Photo: YouTube [Channel 4 Sport]

Robyn Lambird has made history by becoming the first out non-binary athlete to win a medal at the Paralympics.

The 24-year-old’s 18.68 seconds score saw them win bronze in the Women’s 100-metre T34 sprint on 29 August.

In first place was Britain’s Hannah Cockroft with a time of 16.39 seconds and in second was Kare Adenegan, another British athlete, at 17.03 seconds.

During the medal ceremony, Lambird jokingly attempted to grab Cockroft’s first place prize before happily draping their bronze medal around their neck.

The 24-year-old said: “It is my first [Paralympic] Games, it’s been almost a 10-year dream so to be here and to win a medal among the best in the world… It’s awesome.

“I just want to show all the kids out there – with disabilities or not – if you have a dream, chase it.

“There’s always a way and you can find that way.”

Lambird has been living with cerebral palsy since they were nine-years-old and outside of racing they are a model and advocate for disability rights.

Earlier this month, the Australian athlete explained that they have been “training hard for the past six years” so they could take home a medal at Tokyo’s Games.

New Zealand’s Laurel Hubbard made history earlier this month by becoming the first out trans athlete to compete in Olympic history.


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This year’s Paralympics will see a record number of LGBTQ+ athletes competing, with at least 34 confirmed out athletes taking part so far – more than double the number who competed in Rio.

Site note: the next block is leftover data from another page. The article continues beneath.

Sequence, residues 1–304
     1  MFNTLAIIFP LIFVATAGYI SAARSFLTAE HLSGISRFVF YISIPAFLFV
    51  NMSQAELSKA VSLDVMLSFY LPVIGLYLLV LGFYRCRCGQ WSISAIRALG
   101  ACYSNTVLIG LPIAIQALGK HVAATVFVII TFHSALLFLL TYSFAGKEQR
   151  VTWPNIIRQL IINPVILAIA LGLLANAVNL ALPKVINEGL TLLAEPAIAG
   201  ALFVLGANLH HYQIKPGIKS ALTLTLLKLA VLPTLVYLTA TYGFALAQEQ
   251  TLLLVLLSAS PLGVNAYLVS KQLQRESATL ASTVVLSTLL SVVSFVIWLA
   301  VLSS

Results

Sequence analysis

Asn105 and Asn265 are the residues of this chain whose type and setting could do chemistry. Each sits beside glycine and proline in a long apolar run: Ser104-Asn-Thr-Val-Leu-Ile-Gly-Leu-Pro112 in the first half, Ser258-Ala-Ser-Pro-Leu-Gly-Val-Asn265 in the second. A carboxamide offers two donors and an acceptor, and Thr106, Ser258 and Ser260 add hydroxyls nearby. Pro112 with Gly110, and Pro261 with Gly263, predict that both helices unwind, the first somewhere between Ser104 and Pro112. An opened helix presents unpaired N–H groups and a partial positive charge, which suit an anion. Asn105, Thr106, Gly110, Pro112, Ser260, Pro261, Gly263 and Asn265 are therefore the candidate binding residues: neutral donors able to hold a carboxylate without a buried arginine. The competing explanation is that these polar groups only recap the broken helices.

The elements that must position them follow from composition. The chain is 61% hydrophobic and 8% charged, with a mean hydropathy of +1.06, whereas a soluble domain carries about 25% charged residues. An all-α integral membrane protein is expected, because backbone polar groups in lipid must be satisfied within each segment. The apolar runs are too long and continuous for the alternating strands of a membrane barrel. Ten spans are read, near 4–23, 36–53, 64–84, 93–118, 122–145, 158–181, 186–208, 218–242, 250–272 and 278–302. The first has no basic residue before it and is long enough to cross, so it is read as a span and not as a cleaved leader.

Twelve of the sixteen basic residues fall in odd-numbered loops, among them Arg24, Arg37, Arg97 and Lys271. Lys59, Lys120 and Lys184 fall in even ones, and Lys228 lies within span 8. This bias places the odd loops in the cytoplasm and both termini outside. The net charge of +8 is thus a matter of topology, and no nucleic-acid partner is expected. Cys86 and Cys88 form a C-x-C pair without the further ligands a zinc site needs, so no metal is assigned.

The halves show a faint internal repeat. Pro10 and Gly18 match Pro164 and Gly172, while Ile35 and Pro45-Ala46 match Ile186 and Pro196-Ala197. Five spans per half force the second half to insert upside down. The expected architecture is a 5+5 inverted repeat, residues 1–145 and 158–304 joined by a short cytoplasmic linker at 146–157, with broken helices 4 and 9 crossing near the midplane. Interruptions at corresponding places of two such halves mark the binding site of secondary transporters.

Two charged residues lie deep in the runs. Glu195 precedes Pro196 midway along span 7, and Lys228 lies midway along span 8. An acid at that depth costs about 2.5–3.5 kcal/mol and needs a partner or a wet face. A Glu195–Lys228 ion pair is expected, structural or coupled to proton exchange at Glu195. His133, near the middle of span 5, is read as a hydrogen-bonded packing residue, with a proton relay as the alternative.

Although the figure is by no means definitive as there are likely more Paralympians who are not yet out to the public, there are at least a dozen sports and eight countries represented by LGBTQ+ athletes this year.

In Rio’s 2016 Paralympic Games, there were 12 athletes competing – making this figure a new record when it comes to representation.

It comes after a record-setting Tokyo Summer Games, which saw at least 185 LGBTQ+ Olympians compete (triple the number of those at Rio).

In a statement, Lauren Appelbaum of RespectAbility, a nonprofit that works to change how society views people with disabilities, said: “We hope that even more out athletes participate in the future, as it is critical for all disabled people to have positive role models for success.”